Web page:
DebugBar23 is a debugging in-browser extension for the Internet Explorer browser. It has many helpful features, such as the ability to send a Web page screenshot via email, a color picker, the ability to view both the original and interpreted code (i.e. if you use JavaScript to manipulate the styles of a DOM object, then you can see the interpreted HTML source code of that manipulation) and a Console API24 (after installing Companion.JS) to help you gain information through a command-line interface about particular components of a Web page.

DebugBar is free for personal and educational use, but you are required to buy a license if you use it for commercial purposes.

HttpWatch Link

HttpWatch - screen shot.25

HttpWatch26 is another HTTP traffic viewer and debugger for Firefox and Internet Explorer that is similar to Fiddler. It has many unique features and a more intuitive, less intimidating interface than Fiddler. Some notable features are the ability to generate request-level time charts (useful for documentation and presentation purposes); decryption of HTTPS traffic to help you debug, inspect and tweak your secure SSL-based connections27; and the ability to export captured data to XML and CSV formats for importing into spreadsheet applications such as Microsoft Excel or Google Spreadsheets.

HTTPWatch has a Basic edition, which is free, and a Professional edition, which has more options. Check out the comparison table between the two editions28 to see the exact differences.

Live HTTP Headers Link

LiveHTTPHeaders - screen shot,29

Live HTTP Headers30 is a Firefox extension that allows you to inspect HTTP request and response headers31. Exploring HTTP headers allows you to debug Web applications, glean some information about the website’s server and inspect cookies sent to the client requesting the page.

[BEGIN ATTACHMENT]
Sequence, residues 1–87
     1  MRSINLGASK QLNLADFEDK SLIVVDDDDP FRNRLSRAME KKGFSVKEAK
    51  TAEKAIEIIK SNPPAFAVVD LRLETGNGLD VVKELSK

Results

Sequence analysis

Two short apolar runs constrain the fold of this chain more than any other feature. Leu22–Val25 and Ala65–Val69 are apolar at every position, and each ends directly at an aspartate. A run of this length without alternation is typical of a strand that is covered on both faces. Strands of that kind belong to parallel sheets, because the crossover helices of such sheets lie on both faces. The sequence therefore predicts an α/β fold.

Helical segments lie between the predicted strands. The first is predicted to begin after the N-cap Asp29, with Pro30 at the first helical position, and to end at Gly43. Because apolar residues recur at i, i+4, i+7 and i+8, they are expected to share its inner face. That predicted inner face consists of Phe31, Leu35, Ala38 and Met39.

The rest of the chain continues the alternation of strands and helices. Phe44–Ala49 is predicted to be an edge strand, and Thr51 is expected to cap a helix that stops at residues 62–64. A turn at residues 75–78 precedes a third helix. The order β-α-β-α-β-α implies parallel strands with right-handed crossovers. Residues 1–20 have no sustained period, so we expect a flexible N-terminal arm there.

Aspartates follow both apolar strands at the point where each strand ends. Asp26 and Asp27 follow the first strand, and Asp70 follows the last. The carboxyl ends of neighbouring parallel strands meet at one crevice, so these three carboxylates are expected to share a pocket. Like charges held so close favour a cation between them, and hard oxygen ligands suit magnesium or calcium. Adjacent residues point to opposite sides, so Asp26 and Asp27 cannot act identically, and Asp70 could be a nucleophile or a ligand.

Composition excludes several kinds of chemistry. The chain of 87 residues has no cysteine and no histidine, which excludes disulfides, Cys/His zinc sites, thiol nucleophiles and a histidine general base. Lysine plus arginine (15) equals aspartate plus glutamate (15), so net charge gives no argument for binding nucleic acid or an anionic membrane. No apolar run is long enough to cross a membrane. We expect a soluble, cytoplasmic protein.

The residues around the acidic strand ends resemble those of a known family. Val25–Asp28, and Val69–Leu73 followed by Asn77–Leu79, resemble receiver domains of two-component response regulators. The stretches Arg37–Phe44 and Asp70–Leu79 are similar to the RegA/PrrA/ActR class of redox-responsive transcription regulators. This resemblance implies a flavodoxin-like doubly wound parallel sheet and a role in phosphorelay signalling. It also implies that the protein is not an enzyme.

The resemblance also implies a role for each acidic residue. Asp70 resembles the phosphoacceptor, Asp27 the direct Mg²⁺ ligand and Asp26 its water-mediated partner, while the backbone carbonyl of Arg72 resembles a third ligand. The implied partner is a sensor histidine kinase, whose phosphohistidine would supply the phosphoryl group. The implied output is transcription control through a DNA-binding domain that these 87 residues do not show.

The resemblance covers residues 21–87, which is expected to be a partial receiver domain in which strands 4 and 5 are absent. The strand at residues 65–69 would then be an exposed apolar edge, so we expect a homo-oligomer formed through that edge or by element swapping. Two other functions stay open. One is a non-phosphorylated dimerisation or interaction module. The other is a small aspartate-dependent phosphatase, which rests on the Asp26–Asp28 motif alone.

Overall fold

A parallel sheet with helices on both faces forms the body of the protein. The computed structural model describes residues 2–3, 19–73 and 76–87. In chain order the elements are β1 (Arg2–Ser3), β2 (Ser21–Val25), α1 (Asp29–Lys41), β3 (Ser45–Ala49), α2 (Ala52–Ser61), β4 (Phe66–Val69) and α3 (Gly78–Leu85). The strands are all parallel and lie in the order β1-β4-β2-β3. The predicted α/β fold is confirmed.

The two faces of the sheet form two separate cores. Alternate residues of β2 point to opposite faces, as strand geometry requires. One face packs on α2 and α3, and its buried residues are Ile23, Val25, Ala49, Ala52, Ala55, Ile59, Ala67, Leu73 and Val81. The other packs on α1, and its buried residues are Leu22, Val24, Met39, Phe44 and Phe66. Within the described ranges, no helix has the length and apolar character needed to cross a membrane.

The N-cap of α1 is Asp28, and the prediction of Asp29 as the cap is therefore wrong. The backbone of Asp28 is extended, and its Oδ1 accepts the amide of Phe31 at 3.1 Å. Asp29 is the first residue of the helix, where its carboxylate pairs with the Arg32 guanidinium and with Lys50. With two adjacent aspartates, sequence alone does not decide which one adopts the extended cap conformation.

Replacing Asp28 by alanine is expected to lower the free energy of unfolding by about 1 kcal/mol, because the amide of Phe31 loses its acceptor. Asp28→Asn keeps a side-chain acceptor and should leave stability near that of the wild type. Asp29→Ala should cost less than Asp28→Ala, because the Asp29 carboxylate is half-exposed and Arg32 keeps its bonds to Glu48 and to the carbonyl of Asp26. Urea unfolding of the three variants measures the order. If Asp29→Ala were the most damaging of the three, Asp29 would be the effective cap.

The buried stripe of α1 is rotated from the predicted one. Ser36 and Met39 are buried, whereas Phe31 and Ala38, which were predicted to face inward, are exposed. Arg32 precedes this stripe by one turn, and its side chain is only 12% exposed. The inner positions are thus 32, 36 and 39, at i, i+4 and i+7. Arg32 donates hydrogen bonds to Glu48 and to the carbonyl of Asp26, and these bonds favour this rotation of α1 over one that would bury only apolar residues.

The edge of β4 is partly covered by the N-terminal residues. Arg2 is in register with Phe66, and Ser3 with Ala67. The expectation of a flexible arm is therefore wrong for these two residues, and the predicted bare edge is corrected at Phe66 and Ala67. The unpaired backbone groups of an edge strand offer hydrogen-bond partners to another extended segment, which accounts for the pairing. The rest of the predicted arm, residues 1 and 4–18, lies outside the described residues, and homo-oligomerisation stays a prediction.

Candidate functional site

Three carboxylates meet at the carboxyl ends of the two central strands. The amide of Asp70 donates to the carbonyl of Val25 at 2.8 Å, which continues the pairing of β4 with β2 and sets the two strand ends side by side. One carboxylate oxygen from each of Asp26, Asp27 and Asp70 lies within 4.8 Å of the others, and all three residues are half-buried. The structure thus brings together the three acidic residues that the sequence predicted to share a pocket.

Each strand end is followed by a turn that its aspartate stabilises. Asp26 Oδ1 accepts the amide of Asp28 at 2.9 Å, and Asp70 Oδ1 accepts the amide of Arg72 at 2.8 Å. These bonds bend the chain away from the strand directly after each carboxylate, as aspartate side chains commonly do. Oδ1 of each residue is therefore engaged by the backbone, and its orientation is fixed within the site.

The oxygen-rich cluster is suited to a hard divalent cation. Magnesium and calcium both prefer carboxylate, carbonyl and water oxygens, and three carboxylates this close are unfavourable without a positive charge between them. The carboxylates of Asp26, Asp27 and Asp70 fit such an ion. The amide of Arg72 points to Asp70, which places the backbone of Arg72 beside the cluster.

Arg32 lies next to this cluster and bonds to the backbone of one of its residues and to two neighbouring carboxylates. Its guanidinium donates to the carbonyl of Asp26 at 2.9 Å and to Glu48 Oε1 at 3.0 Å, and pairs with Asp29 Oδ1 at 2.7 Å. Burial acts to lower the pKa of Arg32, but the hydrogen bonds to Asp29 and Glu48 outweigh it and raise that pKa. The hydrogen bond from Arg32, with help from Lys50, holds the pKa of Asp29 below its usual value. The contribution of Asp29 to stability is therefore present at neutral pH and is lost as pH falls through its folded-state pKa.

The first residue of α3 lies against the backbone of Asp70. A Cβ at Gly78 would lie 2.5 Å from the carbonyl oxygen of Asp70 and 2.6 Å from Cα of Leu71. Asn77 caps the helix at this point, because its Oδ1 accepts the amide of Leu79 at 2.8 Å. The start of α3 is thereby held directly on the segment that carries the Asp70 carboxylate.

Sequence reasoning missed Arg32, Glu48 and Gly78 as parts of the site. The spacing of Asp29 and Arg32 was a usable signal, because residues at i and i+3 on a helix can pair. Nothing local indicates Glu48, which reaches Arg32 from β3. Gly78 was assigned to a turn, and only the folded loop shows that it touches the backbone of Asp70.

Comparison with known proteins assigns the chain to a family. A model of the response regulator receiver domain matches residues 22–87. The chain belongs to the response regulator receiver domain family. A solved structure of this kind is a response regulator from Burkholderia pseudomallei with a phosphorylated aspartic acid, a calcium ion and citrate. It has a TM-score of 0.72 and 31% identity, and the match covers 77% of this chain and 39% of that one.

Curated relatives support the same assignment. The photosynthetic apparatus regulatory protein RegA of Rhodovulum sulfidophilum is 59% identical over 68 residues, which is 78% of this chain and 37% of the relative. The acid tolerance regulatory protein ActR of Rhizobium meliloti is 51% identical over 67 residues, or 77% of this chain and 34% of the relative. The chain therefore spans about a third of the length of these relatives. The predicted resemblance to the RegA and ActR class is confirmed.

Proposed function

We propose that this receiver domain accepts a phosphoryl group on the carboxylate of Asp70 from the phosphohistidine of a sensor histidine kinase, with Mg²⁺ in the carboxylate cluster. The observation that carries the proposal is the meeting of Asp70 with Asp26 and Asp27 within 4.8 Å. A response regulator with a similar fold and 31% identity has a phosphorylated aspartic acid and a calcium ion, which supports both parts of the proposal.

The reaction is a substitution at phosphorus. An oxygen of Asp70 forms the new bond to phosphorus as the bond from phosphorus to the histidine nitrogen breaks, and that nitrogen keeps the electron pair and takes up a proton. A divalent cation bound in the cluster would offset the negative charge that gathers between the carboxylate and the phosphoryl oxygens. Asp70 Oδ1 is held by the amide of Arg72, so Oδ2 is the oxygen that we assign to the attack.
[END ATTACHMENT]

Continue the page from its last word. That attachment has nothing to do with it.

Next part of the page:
For example, the Server response header gives you a website’s HTTP server type (Apache, IIS, nginx, etc.), the HTTP server version and the operating system (though server administrators can remove or limit the information you see for security purposes).

Web Accessibility Toolbar Link

Web Accessibility Toolbar - screen shot.32

The Web Accessibility Toolbar33 is a freeware extension for Internet Explorer and Opera that gives you a slew of options for quickly evaluating and analyzing your Web content’s accessibility. It has validation options for submitting your URL to content accessibility web services, a grayscale converter to simulate the user experience of individuals with color-blindness and poor eyesight, and a search function for particular page structures (e.g. finding list objects and unordered lists).

Venkman JavaScript Debugger34 Link

Venkman JavaScript Debugger - screen shot

Venkman35 is the codename for Mozilla’s very own JavaScript debugging environment. It is available as an add-on that can be used to extend browsers such as Firefox, Netscape, and SeaMonkey. It is a robust environment for doing complex JavaScript debugging and troubleshooting. The Console view gives you a command-line interface for interacting with the debugger. It has an excellent Stack view feature that allows you to step through active functions when it reaches breakpoints.

Further Reading

ColorZilla Link

ColorZilla - screen shot.38

ColorZilla39 is an incredibly simple — but very useful — extension for Firefox. If you’ve ever wanted to determine what colors are used on a Web page, ColorZilla is the tool for the job. It adds an eyedropper icon to the bottom-left corner of Firefox.